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Day: December 21, 2022

Structuring Azure ML Projects and using the Terminal

Tomaz Kastrun nears the end of the Azure ML advent. Day 20 covers package requirements and other niceties:

When creating notebooks, it is always a good way to have the dependencies included. Whether it is a particular version of a package, a separate script file or an installation requirement.

Selecting an environment or kernel can be an issue if it is not correctly initiated with the code. And you can also check the kernels with a simple python code:

Day 21 looks at the Azure CLI and running code from within a compute instance terminal:

Using Azure CLI can help you progress faster, make repetitve tasks automated and even use the GIT integration, for faster and better collaboration.

So we have created a YAML file on Day20 and we can use it also with Azure CLI to create an environment.

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High-Level Thoughts on Migration

Marc Lelijveld thinks about migrations:

Over the last half year, I have been involved in many large migration projects from another BI tool to Power BI. All with a different setup, from Tableau, Microstrategy and from Analysis Services to Power BI. In this blog I will shine a light on the experiences I gained during these migrations and share some do’s and don’ts. In this blog I start with the why you even migrate in the first place, after which we dive into the where to start and of course also how. A blog that is more focused on the process rather than the technical how-to. At the same time, this blog describes the work I did over the past months and therefore is a small recap of the past half year.

Read on to understand your “why,” at least when it comes to migrations.

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The Value (and Cost) of DATETRUNC

Brent Ozar points out the ups and downs of DATETRUNC():

The first one, passing in a specific start & end date, gets the best plan, runs the most quickly, and does the least logical reads (4,299.) It’s a winner by every possible measure except ease of writing the query. When SQL Server is handed a specific start date, it can seek to that specific part of the index, and read only the rows that matched.

DATETRUNC and YEAR both produce much less efficient plans. They scan the entire index (19,918 pages), reading every single row in the table, and run the function against every row, burning more CPU.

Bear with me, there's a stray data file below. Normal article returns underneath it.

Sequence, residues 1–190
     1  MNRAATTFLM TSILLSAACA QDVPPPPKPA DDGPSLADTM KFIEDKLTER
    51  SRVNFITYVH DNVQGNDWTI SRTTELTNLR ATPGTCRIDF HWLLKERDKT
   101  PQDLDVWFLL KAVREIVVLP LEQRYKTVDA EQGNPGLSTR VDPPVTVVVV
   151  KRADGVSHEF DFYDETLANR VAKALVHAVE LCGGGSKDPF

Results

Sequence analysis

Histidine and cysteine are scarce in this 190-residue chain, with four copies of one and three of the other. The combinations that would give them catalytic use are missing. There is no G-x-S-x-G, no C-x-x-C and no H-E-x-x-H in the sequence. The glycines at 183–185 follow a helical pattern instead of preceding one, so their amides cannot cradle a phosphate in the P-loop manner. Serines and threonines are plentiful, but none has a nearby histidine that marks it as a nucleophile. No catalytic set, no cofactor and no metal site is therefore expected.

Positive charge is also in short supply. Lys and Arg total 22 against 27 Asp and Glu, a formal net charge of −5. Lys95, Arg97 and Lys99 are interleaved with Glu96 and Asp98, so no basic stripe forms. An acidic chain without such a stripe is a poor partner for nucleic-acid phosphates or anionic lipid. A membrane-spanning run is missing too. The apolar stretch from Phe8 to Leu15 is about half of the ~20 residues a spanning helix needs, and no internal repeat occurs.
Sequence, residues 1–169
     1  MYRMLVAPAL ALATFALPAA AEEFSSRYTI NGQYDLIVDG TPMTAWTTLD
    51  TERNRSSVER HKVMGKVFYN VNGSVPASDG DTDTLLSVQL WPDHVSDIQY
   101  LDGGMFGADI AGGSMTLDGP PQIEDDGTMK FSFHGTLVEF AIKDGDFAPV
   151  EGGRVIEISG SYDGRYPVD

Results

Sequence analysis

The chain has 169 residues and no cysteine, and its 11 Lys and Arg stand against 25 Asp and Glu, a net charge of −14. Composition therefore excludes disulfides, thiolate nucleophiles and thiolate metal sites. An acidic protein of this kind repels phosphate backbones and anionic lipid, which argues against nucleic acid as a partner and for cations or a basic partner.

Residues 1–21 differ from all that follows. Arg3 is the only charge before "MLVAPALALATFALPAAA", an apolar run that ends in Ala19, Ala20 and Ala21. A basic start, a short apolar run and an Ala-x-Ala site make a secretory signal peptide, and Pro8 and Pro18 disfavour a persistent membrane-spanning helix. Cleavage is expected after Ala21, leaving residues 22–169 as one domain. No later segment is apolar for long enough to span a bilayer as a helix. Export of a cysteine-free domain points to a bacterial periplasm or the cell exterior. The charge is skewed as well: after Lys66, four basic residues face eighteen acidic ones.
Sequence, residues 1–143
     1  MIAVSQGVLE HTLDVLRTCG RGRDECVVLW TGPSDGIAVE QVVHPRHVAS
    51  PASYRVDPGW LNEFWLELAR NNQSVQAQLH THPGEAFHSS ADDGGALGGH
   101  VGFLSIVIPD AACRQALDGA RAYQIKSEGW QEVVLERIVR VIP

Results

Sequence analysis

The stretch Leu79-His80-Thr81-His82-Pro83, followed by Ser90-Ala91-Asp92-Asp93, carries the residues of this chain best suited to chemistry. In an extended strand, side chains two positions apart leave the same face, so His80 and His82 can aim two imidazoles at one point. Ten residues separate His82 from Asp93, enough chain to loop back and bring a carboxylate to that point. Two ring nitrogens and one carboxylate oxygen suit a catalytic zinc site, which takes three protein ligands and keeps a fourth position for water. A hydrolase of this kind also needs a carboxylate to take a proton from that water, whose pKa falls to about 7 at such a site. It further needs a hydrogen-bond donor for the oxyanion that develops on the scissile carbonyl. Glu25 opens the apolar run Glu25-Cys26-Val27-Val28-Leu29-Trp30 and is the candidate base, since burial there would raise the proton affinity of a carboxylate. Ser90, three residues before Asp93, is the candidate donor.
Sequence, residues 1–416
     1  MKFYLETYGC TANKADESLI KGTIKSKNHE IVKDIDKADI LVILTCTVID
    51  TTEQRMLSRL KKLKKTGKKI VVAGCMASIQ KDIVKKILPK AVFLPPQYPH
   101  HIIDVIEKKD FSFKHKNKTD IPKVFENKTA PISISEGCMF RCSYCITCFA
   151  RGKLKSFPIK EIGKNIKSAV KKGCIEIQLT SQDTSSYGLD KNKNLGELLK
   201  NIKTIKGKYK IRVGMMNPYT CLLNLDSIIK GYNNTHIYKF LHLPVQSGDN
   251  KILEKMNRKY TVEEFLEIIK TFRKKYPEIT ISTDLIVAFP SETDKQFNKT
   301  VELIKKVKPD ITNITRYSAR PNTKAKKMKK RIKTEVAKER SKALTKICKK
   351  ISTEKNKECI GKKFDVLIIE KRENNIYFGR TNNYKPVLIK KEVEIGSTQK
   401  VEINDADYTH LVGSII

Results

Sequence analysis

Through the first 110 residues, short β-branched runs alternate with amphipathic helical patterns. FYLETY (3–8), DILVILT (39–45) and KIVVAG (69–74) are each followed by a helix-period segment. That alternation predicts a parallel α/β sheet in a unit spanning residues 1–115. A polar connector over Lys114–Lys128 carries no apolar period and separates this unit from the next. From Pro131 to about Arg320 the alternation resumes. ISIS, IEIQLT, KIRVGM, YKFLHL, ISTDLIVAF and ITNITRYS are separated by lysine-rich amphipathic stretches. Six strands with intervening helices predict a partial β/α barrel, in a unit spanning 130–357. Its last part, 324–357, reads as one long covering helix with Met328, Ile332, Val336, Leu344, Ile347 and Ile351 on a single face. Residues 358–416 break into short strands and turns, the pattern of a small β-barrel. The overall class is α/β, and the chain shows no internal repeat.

SQL Server’s thought process is, and has always been, “I have no idea what’s the first date that would produce YEAR(2017). There’s just no way I could possibly guess that. I might as well read every date since the dawn of time.”

Read on for the upshot.

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Breaking the World with auto_explain

Ryan Lambert gets a lot of explanation:

Postgres has a handy module called auto_explain. The auto_explain module lives up to its name: it runs EXPLAIN automatically for you. The intent for this module is to automatically provide information useful for troubleshooting about your slow queries as they happen. This post outlines a pitfall I recently discovered with auto_explain. Luckily for us, it’s an easy thing to avoid.

I discovered this by running CREATE EXTENSION postgis; and watching it run for quite a while before failing with an out of disk space error. That is not my typical experience with a simple CREATE EXTENSION command!

Read on to learn what happened and how you can prevent making a similar mistake.

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Capturing Event Hubs Data in Delta Lake Format with Stream Analytics

Xu Jiang announces a public preview:

The Stream Analytics no-code editor is a drag and drop design tool that helps customers to develop the Stream Analytics jobs without writing a single line of code. The experience provides a canvas that allows you to connect to input sources to quickly see your streaming data. Then you can transform and preview it before writing to your destination of choice in Azure. To learn more, see No-code stream processing through Azure Stream Analytics | Microsoft Learn.

Read on to see how you can capture and process data into Delta Lake format via their designer.

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Time Intelligence Templates in Bravo for Power BI

Marco Russo and Alberto Ferrari try out some templates:

Thanks to Bravo for Power BI, creating a Date table and applying time intelligence calculations to existing model measures has never been easier. With a few clicks, the Power BI model gets the required updates, and you can further modify the code generated.

Bravo provides several ready-to-use templates based on the Time Intelligence patterns published on the DAX Patterns website. However, the pattern may not provide all the features required. There could be columns and measures you want to remove, or you might need additional columns or time intelligence calculations that are not part of the template.

Read on to see two ways you could resolve this.

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